5. 5. The summer school is the graduation project of stu-dents from the local university, coordinated by theteam of Proyecto Mono Tocón.The enthusiastic and juvenile character of the team re-sulted in the presence of 39 children of between 6 and14 years old, who never failed an activity during the 2months.During the summer school, the children carried outmany practical and dynamic activities, all connected toflora, fauna and the importance of the biodiversity con-servation.The summer school served for many children as an ini-tiation in the “world of recycling”, motivating themthrough entertaining and pleasant activities to think Reforestation in the San Francisco Botanical Gardenabout the handling and reuse of their waste. Additionally, the municipality of Moyobamba provided plants to organise a small reforestation activity. The final objective of the summer school is the creation of a Nature Club, first of all for the participants of the program, but later for all the children of Moyobamba. The NAUCA (Niños y Adolescentes Unidos para Conservar el Ambiente / Children and Adolescents United for Environ- mental Conservation) is a new initiative of the Proyecto Mono Tocón to involve the youth of Moyobamba in nature conservation. Crafts with rolls of toilet paper A member of our other nature club in Calzada, JOESUCNA, has attended to many of the summer school activities, sharing her experiences with the new members of NAUCA. Funded by With the Nature Club we hope to involve the inhabi-our partners tants of the San Francisco-quarter more in the conser- vation and rehabilitation of the botanical garden.The revitalisation of the botanical garden will not only be impor-tant for nature education, but can also generate a better incomefor the neighbours. Page 5 PROYECTO MONO TOCÓN
  6. 6. First Seminar of Conservation BiologyO n the 14th and 15th of March 2012, Proyecto Mono Tocón organised in cooperation with the Ecology Faculty of the National University of San Martin the first Conservation Biology Seminar. Speakers at the event in Moyobamba wereDr. Manuel Antonio González González (University of León, Spain), the ecologist Beatriz Blanco Fontao (University ofOviedo, Spain) and Julio C. Tello Alvarado (Responsible of the Research Department of Proyecto Mono Tocón).The principal objective of the seminar was to shareknowledge and experiences about conservation, to in-crease involvement in the conservation programs of theSan Martin Region.The themes treated were:√ General topics of Conservation Biology.√ Practical instruments developed in Europe; cases of theWood Grouse (Tetrao urogallus) and the Brown Bear(Ursus arctos).√ Adaptation of experiences for Peru.√ Evaluation of primate species of the San Martin Region. Beatriz Blanco Fontao during her presentation at the Ecology Faculty√ Current situation of the San Martin titi monkey(Callicebus oenanthe).A large number of students and teachers of the university participated to the seminar, as well as professionalsfrom public and private entities that work on themes related to nature conservation.This first seminar organised at the Faculty of Ecology intended to be an interactive platform for many peopleinvolved in nature conservation.Proyecto Mono Tocón has conventions with the Faculty of Ecology and the National University of San Martinto assist with the formation of their students and to share the results of studies conducted by the association Funded byin San Martin. our partners Workshop for the validation of educational materials for the Indigenous CommunitiesT he local Educational Authorities of the small town of Rioja (UGEL-Rioja), the Regional Educational Management of SanMartin (DRE-SM) and the association Proyecto Mono Tocón or-ganised on the 16th of March the workshop Environmental Edu-cation in the Alto Mayo valley and the process for its applicationin the Indigenous Communities.In the past years the Proyecto Mono Tocón has developed anEnvironmental Education Program for schools in the small townsof Calzada and Yantalo. The association has adapted this curricu-lum for an educational program in the Indigenous AwajunCommunities of the Alto Mayo Valley. Validation of the Inspector Chas materials Page 6 PROYECTO MONO TOCÓN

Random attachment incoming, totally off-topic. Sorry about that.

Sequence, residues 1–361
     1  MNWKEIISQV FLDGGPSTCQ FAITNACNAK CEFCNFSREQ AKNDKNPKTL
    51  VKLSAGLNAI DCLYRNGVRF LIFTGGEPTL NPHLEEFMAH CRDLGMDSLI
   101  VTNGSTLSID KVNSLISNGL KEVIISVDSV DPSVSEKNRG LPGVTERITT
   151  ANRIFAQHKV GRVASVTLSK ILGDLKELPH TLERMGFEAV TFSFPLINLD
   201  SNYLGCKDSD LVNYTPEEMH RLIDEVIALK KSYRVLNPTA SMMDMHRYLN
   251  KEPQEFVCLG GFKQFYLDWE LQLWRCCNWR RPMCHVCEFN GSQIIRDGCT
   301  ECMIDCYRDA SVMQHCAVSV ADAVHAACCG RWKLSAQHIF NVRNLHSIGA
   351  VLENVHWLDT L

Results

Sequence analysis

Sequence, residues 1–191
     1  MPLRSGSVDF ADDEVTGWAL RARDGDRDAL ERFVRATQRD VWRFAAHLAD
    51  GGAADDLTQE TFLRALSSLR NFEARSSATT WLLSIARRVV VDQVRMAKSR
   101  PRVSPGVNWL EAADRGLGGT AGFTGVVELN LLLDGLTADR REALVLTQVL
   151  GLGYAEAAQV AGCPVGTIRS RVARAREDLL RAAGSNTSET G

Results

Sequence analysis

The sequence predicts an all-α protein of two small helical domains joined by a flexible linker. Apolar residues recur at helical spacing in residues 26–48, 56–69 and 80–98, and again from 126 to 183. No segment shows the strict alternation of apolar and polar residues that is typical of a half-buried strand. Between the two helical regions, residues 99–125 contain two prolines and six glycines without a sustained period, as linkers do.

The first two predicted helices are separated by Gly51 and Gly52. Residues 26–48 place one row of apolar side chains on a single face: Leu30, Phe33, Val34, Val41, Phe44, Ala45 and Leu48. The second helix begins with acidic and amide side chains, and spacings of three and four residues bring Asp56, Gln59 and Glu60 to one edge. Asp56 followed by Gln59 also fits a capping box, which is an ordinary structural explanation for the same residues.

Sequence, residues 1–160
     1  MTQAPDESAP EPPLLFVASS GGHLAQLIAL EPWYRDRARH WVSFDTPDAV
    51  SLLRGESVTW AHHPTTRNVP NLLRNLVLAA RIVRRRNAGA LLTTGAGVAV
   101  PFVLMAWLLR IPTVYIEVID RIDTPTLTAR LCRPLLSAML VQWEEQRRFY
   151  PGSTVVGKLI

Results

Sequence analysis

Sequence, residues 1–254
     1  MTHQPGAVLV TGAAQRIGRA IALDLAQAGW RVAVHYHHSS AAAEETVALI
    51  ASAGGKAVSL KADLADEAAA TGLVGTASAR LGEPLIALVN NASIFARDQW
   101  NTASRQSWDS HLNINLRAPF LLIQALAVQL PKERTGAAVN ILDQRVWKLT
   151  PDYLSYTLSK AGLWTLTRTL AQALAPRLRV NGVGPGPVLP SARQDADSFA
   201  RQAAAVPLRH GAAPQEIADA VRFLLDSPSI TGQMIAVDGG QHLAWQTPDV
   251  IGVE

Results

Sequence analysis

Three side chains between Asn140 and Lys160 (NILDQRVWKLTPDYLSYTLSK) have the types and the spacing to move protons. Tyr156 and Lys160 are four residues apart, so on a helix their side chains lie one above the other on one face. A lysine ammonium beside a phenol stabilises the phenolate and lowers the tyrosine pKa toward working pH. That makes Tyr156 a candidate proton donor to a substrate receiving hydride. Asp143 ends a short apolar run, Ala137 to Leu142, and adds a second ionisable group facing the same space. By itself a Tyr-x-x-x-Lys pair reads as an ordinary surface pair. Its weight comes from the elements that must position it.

7. 7. During the workshop, the curriculum was presented to members of the community and experiences of the past few years were shared. The workshop has permitted us to integrate proposals of educa- tion specialists working with the native communities and to re- ceive validation for the proposed materials. With the obtained observations and proposals we can adapt our materials for this new educational program, which we will execute in the Awajun schools of the Alto Mayo. The program has started in April, and will continue until the end of the school year. Demonstration of the board game Ludo del Aire Funded byour partners Associates in the workshop Specialists participating in the workshop Ongoing projectsEvaluation of the conservation status of primates in the Bosque de Protección Alto Mayo. With the sup-port of Conservation International PeruStudy on the distribution of the San Martin titi monkey (Callicebus oenanthe) on the north of Huaya-bamba river. With the support of Thoiry Peaugres ConservationPucunucho. An educational tool for the conservation of the San Martin titi monkey. With the support ofAmazónicos por la AmazoníaInitiatives for the conservation of the San Martin titi monkey (Callicebus oenanthe) in Eastern San Martin.With the support of Zoo d’Amnéville, Neotropical Primate Conservation and Le Conservatoire pour la Pro-tection des PrimatesNature club JOESUCNA, a partner for conservation in Calzada. With the support of Le Conservatoire pourla Protection des PrimatesEnvironmental Education Program on the Awajun schools of the Alto Mayo. With the support of Le Con-servatoire pour la Protection des Primates All projects also receive the support from the dedicated European Zoos, without whom our work would not be possiblePage 7 PROYECTO MONO TOCÓN
  8. 8. Proyecto Mono Tocón would not be possible without our partners. Thanks for supporting the conservation of Peru’s biodiversity! Join our group at Facebook are rebuilding our website. In the meanwhile, pleasevisit us at… www.proyecto-mono-tocon.orgFor more information, please contact:Jan Vermeerjan.vermeer@telfort.nlT: (+51) 42 564462You can find us at...Proyecto Mono TocónJr. Reyes Guerra, 430MoyobambaPerú